(Bloomberg) -- Investor appetite for private equity just made Bridgepoint Group Ltd.’s employees millions of pounds richer.
Bridgepoint’s initial public offering saw 166 individual investors in the British buyout firm make 380 million pounds ($518 million) from selling shares -- a spread that contrasts sharply with U.S. peers that have previously gone public. Employees and their families made up the bulk of those sellers, according to the pricing document and Bloomberg calculations.
Bridgepoint’s surge in debut trading on Wednesday morning means existing individual investors now hold stock worth 2 billion pounds. The shares were up 25% at 11:23 a.m. in London.
The investor breadth meant there were no overnight billionaires in the IPO, which raised 789 million pounds for the firm and its shareholders. The biggest known individual winner was Partner and Head of France and Southern Europe Frederic Pescatori, who sold around 16.5 million pounds of stock and still holds a 2.3% stake worth about 80 million pounds, the calculations show. Chairman William Jackson cashed out around 8 million pounds and keeps a 1.1% stake.
Few other individual investors were identified in the document as none held a level of shares that required disclosure. That indicates an old-fashioned partnership model at odds with the billionaire minting factories of U.S. listed private equity firms like Blackstone Group Inc. or Apollo Global Management Inc., where a handful of executives held significant stakes following their IPOs.
Fidelity International, T. Rowe Price Group Inc. and Mawer Investment Management bought 300 million pounds of the offering as cornerstone investors, and were already sitting on paper gains of more than 75 million pounds by mid-morning.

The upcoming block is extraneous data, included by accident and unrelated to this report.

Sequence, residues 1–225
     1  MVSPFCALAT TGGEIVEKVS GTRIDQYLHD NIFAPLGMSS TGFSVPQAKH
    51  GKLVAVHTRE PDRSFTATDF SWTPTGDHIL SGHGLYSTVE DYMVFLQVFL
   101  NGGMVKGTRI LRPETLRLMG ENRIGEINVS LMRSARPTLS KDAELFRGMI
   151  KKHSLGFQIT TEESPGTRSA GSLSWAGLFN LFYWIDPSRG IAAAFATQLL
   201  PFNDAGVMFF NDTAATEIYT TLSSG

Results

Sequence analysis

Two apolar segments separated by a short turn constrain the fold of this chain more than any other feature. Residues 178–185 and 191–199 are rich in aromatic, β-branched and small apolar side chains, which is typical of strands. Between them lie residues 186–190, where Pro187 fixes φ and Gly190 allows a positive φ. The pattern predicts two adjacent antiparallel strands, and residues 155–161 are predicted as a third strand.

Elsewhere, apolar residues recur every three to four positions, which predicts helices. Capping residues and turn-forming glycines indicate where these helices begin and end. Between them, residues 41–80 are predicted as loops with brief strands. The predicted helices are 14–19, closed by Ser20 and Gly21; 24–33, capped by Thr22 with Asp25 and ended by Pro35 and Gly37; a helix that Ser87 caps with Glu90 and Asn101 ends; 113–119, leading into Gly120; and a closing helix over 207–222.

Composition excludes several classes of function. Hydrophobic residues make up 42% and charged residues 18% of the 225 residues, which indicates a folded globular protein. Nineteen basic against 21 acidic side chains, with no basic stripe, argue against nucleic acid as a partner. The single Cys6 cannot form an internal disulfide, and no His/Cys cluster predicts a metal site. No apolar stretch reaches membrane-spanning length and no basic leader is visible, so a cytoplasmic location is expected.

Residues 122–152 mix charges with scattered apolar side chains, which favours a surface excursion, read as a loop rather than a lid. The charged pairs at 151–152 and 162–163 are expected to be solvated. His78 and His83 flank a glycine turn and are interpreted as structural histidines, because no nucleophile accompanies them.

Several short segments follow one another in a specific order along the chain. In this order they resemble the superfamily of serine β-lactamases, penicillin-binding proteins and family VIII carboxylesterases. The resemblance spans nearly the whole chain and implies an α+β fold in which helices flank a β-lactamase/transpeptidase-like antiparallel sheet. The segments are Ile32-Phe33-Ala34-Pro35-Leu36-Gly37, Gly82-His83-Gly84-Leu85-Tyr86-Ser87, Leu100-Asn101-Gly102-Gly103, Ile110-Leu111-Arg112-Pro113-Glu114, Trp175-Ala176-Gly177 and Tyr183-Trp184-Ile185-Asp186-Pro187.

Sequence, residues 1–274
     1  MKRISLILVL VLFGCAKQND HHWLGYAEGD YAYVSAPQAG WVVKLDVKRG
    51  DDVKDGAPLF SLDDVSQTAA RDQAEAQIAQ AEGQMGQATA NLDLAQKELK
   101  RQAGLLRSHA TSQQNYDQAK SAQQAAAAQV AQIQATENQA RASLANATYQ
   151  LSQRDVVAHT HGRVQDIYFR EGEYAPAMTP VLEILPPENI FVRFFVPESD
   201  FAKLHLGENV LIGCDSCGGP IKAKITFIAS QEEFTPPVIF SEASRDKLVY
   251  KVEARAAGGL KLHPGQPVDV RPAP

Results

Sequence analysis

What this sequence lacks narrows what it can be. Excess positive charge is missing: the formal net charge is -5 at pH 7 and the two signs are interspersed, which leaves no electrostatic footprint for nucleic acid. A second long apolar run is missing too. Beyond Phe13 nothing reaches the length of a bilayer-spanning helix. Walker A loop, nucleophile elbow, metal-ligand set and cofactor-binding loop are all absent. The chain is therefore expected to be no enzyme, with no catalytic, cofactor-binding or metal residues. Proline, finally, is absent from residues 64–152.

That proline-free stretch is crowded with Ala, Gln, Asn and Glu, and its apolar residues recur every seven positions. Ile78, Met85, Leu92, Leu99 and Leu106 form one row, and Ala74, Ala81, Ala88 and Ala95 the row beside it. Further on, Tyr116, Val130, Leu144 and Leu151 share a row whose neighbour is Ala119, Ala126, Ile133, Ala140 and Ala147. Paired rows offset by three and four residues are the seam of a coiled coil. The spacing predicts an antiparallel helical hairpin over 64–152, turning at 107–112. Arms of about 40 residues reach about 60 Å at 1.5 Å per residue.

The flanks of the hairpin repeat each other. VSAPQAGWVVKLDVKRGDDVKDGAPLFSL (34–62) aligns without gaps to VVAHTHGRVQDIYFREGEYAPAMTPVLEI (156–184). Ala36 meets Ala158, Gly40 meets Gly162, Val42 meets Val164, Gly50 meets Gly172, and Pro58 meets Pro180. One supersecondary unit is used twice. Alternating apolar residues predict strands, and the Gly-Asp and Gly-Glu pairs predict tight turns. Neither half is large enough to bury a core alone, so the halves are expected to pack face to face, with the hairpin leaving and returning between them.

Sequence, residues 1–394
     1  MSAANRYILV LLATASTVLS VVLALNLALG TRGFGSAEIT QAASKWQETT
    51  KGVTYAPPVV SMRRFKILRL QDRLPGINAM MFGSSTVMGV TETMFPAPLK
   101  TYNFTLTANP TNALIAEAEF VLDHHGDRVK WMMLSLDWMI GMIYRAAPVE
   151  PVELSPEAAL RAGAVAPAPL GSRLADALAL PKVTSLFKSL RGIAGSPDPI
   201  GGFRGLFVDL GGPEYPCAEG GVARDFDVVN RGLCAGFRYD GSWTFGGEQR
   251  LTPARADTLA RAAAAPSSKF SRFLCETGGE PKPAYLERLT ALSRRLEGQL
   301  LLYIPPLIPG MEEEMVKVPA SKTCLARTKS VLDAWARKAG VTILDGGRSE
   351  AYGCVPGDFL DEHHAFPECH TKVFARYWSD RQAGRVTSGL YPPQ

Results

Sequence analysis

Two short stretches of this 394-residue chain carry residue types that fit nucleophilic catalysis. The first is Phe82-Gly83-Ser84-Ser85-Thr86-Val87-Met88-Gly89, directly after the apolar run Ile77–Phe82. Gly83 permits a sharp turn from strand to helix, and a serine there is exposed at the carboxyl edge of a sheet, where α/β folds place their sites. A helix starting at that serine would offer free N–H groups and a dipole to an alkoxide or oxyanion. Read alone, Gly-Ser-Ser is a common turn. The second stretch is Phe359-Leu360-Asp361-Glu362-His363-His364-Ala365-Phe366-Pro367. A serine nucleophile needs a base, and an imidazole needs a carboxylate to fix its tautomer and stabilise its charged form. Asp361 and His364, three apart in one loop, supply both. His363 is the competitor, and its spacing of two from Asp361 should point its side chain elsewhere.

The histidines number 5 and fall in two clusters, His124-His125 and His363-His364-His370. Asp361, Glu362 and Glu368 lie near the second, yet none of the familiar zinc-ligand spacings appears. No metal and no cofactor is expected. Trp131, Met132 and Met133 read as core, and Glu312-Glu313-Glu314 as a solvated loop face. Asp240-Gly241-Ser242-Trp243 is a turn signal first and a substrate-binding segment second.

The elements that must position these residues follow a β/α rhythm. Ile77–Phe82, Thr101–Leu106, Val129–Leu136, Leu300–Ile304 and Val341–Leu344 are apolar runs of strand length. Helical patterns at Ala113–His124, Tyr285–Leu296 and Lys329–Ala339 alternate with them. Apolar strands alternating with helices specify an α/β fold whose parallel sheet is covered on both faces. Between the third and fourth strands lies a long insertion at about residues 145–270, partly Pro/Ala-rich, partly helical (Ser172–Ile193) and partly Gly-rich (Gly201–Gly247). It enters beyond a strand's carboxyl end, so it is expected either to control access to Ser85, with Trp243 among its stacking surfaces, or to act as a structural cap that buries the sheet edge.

Bridgepoint’s biggest shareholder, Dyal Capital Partners, now part of Blue Owl Capital Inc., sold 109 million pounds of shares and still holds a 578 million-pound stake. Dyal, which buys minority positions in private equity firms, invested in Bridgepoint in 2018 for an undisclosed sum.
Bridgepoint is among several private equity companies that have been looking at going public. Antin Infrastructure Partners is considering a listing and TPG is weighing a potential IPO or merger with a special purpose acquisition company, people with knowledge of the matter have said. Closely held firms have been grappling with how to provide exits for founders and managers, while also ensuring rising stars can monetize their stakes.
The rare IPO by a buyout firm caps a remarkable journey since a management carve out from Royal Bank of Scotland Group in 2000. Jackson is one of Bridgepoint’s few remaining original executives, and it wasn’t clear from the disclosures whether the 166 individual investors included others from that founding period.
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